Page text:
Absolutely avoid burning the spices. Fry them gently - it can help to mix the powdered spices with a little water or vinegar to make a paste so they burn less easily. When they're done you should see oil separating from the spices and their harsher scents will have cooked off.
Often I fry the spice paste before adding the onions if I want to cook the onion only lightly.

If you're using tomato purée it's best to fry it a little after the onions and spices to cook off any bitterness.

Salt. Don't forget to add salt. And don't be ashamed of adding salt - it's a crucial nutrient, an important flavour enhancer and food just tastes rubbish if it doesn't have enough salt in it. In fact, the addition of just enough salt can transform what seems like a bland and lifeless dish into one that's satisfying and delicious. I'm seeing a worrying trend in published recipes these days that contain quite obviously insufficient quantities of salt in their list of ingredients. Presumably pandering to some food nazi editor - it's a natural substance that's essential to life, and the evidence that it causes hypertension, heart attacks, aneurysms or kidney damage or any of the other hobgoblins you read of in the nutritionalist press is flimsy, contradictory or simply non-existent.
Get over it.

You might serve the curry dressed with a spoonful of yoghurt, a sprinkling of garam masala, a squeeze of lemon juice, a grating of coconut cream or chopped coriander or mint.

Happy Curry Cooking!
...k

Saag Dal
Lentil curry with spinach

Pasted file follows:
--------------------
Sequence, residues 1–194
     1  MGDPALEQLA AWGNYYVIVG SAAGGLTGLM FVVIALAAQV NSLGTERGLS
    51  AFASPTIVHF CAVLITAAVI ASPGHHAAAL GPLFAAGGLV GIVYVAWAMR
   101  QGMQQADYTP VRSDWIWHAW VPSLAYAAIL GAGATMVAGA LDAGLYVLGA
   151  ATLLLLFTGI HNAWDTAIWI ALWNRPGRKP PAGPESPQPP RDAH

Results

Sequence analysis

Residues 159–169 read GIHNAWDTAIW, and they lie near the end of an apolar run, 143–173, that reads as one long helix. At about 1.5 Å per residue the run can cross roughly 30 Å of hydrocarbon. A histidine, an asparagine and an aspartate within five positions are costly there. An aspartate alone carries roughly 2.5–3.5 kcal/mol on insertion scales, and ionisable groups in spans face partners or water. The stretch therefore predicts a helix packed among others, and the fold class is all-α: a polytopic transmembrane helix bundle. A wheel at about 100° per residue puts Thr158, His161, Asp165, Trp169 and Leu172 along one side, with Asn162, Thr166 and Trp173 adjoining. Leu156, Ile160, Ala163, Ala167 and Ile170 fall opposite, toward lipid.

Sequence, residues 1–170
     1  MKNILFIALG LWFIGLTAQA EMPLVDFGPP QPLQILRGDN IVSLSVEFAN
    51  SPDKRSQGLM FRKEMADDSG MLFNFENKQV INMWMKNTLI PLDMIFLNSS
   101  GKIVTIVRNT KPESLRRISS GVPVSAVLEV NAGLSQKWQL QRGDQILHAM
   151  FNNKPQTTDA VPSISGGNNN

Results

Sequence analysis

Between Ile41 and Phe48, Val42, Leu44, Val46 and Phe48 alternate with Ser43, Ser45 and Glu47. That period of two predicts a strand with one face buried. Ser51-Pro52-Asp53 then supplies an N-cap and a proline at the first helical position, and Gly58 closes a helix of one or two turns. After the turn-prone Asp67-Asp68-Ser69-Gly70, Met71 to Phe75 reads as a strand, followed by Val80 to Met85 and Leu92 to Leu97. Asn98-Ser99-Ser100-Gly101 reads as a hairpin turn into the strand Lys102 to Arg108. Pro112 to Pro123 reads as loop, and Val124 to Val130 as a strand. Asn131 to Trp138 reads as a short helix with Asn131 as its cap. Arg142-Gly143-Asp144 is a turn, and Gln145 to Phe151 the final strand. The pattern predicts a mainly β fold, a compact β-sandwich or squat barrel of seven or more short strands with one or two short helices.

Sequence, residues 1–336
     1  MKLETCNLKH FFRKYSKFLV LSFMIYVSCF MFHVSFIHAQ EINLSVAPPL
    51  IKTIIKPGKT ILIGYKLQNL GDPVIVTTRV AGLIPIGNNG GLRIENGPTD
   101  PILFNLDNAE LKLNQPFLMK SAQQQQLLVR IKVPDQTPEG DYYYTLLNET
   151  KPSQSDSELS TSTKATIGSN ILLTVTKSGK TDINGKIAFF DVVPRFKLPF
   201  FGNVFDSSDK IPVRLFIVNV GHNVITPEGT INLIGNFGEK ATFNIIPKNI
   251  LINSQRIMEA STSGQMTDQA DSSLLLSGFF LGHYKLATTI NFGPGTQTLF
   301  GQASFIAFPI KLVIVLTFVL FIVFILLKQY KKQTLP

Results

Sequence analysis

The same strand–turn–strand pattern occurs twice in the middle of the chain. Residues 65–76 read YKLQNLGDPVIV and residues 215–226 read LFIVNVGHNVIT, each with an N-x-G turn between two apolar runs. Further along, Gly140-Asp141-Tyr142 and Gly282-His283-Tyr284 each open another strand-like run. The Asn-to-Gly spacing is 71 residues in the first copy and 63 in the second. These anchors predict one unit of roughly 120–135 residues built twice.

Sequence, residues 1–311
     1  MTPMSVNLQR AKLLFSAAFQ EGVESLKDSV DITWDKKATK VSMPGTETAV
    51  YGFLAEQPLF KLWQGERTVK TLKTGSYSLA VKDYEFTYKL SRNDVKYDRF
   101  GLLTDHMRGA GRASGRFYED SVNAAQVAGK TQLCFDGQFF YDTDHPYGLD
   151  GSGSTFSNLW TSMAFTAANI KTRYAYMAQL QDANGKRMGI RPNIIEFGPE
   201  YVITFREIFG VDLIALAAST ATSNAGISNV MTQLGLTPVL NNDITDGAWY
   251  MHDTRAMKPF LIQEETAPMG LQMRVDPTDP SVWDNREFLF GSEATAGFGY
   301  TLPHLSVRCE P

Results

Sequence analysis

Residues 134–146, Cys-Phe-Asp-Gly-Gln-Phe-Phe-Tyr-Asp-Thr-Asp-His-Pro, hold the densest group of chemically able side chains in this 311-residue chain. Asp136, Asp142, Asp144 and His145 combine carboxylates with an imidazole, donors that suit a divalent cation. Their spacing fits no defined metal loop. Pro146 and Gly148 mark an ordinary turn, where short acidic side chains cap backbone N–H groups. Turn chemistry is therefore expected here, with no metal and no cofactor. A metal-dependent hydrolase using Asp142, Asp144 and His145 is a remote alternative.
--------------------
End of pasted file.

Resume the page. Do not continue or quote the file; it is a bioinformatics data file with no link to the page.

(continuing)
curry side veg
Here's a dish I invented just the other today, following the guidelines above.
Split urad (or urid) dal is sometimes fried as a whole spice (as here) to produce a nutty flavouring. But it can also be cooked in larger amounts like red lentils, though it takes considerably longer to cook properly. When they're whole, the black urad beans can take up to 5 hours to soften properly.

Serves 4

Ingredients
Method
Split the cardamoms open with a knife. Heat a generous amount of oil or ghee in a tall pan and fry the cassia and cardamoms over high heat until they spit and you can smell their fragrance.
Add the fenugreek seeds and teaspoon of urad dal and fry until the fenugreek seeds release their aroma and the dal colours.
Add the grated ginger and fry until it colours and has lost its raw smell.
Mix the salt and powdered spices to a paste with a little water, lower the heat and add to the pan. Fry the paste until the raw flavour has cooked off and the oil begins to separate.
Add the red onion and stir, then the garlic, fenugreek leaves and cauliflower.
After a few minutes throw in the chopped tomatoes, the red lentils and the rest of the urad dal and cover with water. Simmer until the urad dal is cooked - up to an hour.
Stir in the spinach and cook for a few minutes until it collapses down.
Serve with a sprinkling of lemon juice and chopped fresh coriander.
The urad dal is a little bitter in large quantities, so If I make it again I'll probably reduce the urad proportion and increase the red lentils. To be honest the spinach wasn't really that great, but the cauliflower is a nice addition to the dal. I don't seem to have added cauliflower to a dal before - I'd have more of that.
I think a spoonful of yoghurt stirred through at the end might have been better than the lemon juice.